I’ll pause here and let John update you on his side of the story.

Board Gaming over the Internet

May 12, 2010

Getting 6 people together to sit down and play through a full game of Here I Stand is difficult. With most people working during the week, the weekends are the only option that would allow enough time to fit in a game. But these often fill up fast with family, religious and other obligations.

However, technology allows some new options. There is real-time online play of games through websites, on gaming consoles or other devices. There is also the option is to play a game long distance by sending each move by email. Previous generations may have played a game of chess with their pen-pal by sending each move in a letter through snail mail. Now moves can be sent through email to speed up that process. Having played a few games with a couple of these systems, each has it’s own strengths and weaknesses.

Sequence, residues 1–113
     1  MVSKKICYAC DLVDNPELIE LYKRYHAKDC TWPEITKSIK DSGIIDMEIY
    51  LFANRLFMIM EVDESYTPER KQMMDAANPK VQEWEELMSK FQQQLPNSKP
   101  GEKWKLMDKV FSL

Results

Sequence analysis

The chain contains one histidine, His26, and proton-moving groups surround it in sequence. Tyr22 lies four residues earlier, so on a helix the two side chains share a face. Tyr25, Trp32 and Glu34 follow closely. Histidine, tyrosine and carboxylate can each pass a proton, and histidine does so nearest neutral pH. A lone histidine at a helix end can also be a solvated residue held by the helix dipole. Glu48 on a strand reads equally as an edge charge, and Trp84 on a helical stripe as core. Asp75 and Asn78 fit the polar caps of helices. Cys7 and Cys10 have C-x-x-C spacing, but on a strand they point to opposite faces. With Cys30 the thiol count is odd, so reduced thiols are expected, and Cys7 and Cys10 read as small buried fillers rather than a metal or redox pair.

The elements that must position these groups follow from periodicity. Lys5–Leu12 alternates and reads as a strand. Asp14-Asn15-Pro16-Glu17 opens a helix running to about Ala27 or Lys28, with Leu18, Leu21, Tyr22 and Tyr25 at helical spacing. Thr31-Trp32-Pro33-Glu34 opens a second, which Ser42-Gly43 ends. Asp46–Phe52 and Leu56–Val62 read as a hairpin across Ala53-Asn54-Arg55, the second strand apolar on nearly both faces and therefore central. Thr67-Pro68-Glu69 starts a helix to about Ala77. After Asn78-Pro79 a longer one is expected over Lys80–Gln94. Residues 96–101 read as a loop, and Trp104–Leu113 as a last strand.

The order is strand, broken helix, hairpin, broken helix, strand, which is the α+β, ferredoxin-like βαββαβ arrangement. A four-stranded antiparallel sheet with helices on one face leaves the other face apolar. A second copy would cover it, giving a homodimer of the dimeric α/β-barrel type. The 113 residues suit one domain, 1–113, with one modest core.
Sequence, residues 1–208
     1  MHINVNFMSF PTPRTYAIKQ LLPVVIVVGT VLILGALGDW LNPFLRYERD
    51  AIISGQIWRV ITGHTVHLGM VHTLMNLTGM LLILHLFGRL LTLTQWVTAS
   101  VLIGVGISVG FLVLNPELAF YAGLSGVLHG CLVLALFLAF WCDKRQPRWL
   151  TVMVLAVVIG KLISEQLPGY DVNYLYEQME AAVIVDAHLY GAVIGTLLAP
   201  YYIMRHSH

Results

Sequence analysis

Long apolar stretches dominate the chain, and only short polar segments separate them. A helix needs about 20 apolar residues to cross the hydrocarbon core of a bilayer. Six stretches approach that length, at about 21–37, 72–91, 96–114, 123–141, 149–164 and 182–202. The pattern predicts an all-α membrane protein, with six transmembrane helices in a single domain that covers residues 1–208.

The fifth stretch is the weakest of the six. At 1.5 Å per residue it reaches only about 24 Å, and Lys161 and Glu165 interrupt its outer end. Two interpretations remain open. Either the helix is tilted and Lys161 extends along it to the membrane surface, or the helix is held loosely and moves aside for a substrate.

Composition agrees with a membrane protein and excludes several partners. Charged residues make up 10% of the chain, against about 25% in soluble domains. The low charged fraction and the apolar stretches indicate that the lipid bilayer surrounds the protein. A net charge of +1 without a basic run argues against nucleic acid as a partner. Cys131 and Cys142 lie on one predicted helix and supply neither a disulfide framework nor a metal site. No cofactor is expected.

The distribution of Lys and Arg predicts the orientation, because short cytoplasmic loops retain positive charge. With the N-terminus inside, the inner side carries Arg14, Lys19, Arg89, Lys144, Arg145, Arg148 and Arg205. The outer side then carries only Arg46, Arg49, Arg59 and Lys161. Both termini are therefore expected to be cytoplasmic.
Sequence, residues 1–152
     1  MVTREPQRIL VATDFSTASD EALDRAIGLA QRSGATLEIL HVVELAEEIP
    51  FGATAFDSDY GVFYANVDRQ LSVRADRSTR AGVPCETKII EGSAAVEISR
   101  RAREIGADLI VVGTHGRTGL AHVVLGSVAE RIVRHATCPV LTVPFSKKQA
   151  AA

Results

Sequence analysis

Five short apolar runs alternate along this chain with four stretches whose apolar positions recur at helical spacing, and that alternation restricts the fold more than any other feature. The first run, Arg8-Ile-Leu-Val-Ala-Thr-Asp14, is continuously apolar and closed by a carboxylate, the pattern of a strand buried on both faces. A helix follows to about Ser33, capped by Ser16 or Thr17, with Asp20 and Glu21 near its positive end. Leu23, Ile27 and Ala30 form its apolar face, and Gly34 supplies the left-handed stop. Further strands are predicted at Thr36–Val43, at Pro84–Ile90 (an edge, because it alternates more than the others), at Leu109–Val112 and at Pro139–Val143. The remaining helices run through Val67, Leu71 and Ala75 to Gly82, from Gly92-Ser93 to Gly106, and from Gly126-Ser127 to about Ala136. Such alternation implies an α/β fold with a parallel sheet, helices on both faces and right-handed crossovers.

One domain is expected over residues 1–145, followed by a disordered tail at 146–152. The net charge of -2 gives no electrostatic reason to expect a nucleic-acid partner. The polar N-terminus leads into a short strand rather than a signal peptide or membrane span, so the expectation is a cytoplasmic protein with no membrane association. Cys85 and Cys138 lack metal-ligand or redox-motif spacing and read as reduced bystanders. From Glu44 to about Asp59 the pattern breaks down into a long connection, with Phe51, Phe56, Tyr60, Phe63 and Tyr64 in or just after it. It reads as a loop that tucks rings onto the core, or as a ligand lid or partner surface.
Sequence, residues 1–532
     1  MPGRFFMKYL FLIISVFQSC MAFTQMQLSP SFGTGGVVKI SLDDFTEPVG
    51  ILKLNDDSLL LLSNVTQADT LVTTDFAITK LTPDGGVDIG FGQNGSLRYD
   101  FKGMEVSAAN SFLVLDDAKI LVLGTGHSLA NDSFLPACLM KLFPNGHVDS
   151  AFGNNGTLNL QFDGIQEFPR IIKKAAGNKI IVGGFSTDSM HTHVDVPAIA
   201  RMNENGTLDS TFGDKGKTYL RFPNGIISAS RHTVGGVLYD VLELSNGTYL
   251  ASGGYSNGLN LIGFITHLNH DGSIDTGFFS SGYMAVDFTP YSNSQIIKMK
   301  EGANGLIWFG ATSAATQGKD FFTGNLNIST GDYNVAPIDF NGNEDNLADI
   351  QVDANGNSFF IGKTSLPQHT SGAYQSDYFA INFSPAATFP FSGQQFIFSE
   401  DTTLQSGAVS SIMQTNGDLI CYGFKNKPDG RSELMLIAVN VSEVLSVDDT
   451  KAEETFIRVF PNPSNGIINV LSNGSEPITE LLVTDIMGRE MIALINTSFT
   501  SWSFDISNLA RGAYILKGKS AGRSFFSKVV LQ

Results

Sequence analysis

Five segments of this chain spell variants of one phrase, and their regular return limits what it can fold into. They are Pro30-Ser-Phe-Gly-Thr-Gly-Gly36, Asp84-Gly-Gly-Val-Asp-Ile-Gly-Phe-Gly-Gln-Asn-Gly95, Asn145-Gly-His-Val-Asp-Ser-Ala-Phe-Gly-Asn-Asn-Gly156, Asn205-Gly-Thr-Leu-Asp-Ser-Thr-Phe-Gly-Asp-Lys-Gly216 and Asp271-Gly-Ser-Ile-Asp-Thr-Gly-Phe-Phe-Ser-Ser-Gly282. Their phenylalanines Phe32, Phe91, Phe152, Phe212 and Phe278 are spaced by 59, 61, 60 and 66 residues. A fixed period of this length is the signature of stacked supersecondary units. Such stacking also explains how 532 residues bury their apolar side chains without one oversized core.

The most obvious advantage is that the games can be played from your own living room. No need to get everyone together in the same place. This will save on travel time and gets you right into gaming. For better or worse, the session is more focused on playing the game. I feel more comfortable playing with strangers over the internet than inviting random people to my house. But when I want to play my with my normal gaming group, the social enjoyment I get out of gaming suffers.